The reality of the ACA
While Republicans were throwing their silly tantrum, Obamacare became a fact. There is no turning back.
The point of no return was reached when millions of people crashed the websites of the new Affordable Care Act exchanges trying to buy health insurance. Republicans can fight rear-guard battles if they want, but last Tuesday they lost the war. All they can do at this point is harm the nation -- and their own political prospects.
Someday, if the GOP captures the presidency and both houses of Congress, President Obama's health care law could be altered or even repealed. But it would be replaced by some new program that does the same thing, because there is no politically viable way to snatch away the medical insurance that customers are buying through the exchanges.
Quite the opposite: As soon as the glitches are cleared up and everyone becomes a bit less hysterical, the question will be how to obtain coverage for as many as 30 million people who will still be uninsured -- including about 8 million ineligible for Obamacare because of a sabotage campaign by Republican governors.
Look at Texas, which the state medical association calls "the uninsured capital of the United States." An estimated 22.5 percent of the population lacks health insurance, a higher percentage than in any other state. Many will remain uninsured because Gov. Rick Perry -- a once and perhaps future GOP candidate for president -- refused to set up a state insurance exchange and turned down billions in federal funds to expand Medicaid coverage.
Rejection of Obamacare may be popular in Texas now. But demographic trends are making the Lone Star State's electorate more diverse, as the Latino population grows, and less reliably Republican. Small businesses that cannot afford to offer health insurance may soon worry about losing employees to states offering better coverage for the working poor through local exchanges and expanded Medicaid. Time is on the side of those who want to expand coverage, not those who want to restrict it.
I trust that conservative leaders will continue riling up the base with the untrue charge that Obamacare is "government health care." It is nothing of the sort. Obama decided at the outset not to push for a government-run health system, such as those in Britain and Canada, or a single-payer system of any kind.
Instead, all of Obamacare's insurance plans are offered by private firms -- the same companies that also provide employer-sponsored insurance. Disappointing his liberal supporters, Obama declined to include even a single public, government-run health plan. All the apocalyptic right-wing rhetoric about socialism and the end of freedom is nothing but hot air. Soon, no one will take it seriously.
Those who are genuinely worried about the cost of a new entitlement should have their concerns taken seriously. But if money is the overriding issue, the obvious thing to do is go further and adopt a truly universal system like those in other industrialized countries.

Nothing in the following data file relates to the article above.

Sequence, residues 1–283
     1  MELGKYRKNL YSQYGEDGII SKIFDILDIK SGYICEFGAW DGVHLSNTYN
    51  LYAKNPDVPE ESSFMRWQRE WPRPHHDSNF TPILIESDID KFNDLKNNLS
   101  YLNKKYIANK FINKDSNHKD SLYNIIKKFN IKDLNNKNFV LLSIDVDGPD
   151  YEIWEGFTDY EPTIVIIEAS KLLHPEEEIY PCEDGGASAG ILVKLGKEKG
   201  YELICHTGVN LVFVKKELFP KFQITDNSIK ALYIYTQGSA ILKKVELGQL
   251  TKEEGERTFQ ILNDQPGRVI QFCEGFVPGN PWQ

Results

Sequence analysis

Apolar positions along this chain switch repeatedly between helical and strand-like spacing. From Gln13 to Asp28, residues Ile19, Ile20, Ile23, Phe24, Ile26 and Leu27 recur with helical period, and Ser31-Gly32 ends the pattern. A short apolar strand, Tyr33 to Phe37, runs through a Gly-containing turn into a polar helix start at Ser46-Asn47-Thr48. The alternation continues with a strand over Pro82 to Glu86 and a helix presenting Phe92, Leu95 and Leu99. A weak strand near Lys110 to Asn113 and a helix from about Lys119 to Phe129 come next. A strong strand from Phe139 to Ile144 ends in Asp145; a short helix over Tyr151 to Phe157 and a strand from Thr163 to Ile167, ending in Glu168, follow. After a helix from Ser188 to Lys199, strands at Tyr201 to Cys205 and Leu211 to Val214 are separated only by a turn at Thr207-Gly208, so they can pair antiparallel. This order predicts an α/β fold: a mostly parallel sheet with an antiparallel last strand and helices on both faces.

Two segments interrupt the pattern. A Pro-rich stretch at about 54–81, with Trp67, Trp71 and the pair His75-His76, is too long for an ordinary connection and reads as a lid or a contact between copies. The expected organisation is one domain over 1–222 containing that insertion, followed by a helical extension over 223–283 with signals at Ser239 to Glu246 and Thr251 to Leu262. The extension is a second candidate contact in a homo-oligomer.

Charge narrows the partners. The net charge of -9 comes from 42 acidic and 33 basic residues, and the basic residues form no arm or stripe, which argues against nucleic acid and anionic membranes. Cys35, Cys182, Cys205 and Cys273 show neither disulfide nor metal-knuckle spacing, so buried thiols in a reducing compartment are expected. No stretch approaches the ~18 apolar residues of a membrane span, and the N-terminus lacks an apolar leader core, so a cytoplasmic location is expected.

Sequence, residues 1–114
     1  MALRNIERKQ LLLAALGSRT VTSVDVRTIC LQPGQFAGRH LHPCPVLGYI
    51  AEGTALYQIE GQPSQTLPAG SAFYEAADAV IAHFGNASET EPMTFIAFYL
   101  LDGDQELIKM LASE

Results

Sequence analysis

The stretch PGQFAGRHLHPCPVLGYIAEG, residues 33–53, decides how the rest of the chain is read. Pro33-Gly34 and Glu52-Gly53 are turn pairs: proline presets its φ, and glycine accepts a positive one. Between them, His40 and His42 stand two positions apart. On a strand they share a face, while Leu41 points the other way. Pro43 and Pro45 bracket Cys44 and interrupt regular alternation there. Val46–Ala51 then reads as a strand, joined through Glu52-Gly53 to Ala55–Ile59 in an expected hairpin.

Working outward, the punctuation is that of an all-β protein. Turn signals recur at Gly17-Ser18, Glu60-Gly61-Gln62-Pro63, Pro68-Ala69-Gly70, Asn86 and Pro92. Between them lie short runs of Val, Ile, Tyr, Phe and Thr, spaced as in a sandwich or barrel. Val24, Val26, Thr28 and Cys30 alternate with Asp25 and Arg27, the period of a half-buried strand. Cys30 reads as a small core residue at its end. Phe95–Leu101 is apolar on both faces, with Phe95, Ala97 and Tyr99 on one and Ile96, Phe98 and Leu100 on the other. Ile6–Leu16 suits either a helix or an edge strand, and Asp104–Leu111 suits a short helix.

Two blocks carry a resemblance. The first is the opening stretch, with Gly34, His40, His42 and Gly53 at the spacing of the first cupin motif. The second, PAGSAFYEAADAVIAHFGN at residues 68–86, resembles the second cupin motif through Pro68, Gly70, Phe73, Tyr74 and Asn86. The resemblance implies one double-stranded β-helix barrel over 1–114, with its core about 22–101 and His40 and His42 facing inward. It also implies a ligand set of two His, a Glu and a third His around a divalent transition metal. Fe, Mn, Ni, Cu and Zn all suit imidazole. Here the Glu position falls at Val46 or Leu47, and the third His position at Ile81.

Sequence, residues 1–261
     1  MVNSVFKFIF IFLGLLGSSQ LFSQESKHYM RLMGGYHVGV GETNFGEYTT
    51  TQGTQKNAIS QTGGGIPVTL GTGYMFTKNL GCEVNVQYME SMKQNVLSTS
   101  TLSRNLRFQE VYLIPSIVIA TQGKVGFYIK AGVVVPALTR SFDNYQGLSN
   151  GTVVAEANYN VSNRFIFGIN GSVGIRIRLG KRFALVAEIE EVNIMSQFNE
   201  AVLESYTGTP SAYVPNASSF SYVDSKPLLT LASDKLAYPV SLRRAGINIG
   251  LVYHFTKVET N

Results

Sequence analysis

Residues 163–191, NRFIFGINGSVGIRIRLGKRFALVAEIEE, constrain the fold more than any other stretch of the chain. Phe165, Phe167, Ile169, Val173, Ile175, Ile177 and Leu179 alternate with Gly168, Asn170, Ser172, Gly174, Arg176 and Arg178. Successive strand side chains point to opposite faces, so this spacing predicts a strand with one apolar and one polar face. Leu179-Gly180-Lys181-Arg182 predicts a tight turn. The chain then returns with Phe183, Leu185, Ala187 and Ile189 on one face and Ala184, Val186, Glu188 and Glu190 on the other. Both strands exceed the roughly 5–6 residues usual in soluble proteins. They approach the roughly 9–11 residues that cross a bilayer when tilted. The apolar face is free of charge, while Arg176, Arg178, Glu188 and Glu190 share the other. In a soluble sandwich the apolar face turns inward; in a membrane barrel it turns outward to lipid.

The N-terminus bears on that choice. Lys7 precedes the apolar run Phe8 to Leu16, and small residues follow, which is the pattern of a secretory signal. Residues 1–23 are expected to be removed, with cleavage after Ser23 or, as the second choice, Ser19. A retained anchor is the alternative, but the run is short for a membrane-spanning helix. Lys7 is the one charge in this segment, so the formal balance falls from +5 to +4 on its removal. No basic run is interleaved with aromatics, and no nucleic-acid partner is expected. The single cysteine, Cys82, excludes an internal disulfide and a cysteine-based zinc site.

The United States spends nearly 18 percent of GDP on health care, more than any other nation. France, Germany and Japan, to cite three examples with universal health care, spend between 9 percent and 12 percent of GDP on health -- and obtain health outcomes at least as good as ours.
Someday, fiscal conservatives will acknowledge those numbers. For now, we are stuck with a fee-for-service health care system that is perhaps the most wasteful in the world. Critics of Obamacare seem not to understand that the vast numbers of uninsured Americans -- about 15 percent of the population -- contribute heavily to the system's inefficiencies.
We provide care for these people, but we do it in the dumbest way imaginable. Since they can't afford to see a doctor regularly, treatable health problems and chronic conditions worsen. When ailments become acute, the uninsured go to hospital emergency rooms -- the most expensive way to receive care.
The uninsured cannot pay their bills -- medical costs are the biggest single cause of personal bankruptcy -- so they are passed on to the rest of us in the form of higher health insurance premiums. Families USA, a nonpartisan health care advocacy group, estimated that in 2010 an average family in Texas paid an extra $2,786 in premiums to cover care for the uninsured. Are you listening, Gov. Perry?
Medicare guaranteed health care for the elderly, Medicaid for the poor. Obamacare begins to fill the remaining gaps. It will get better over time, but already -- crashing websites and all -- it's a beautiful thing.
Eugene Robinson's email address is firstname.lastname@example.org.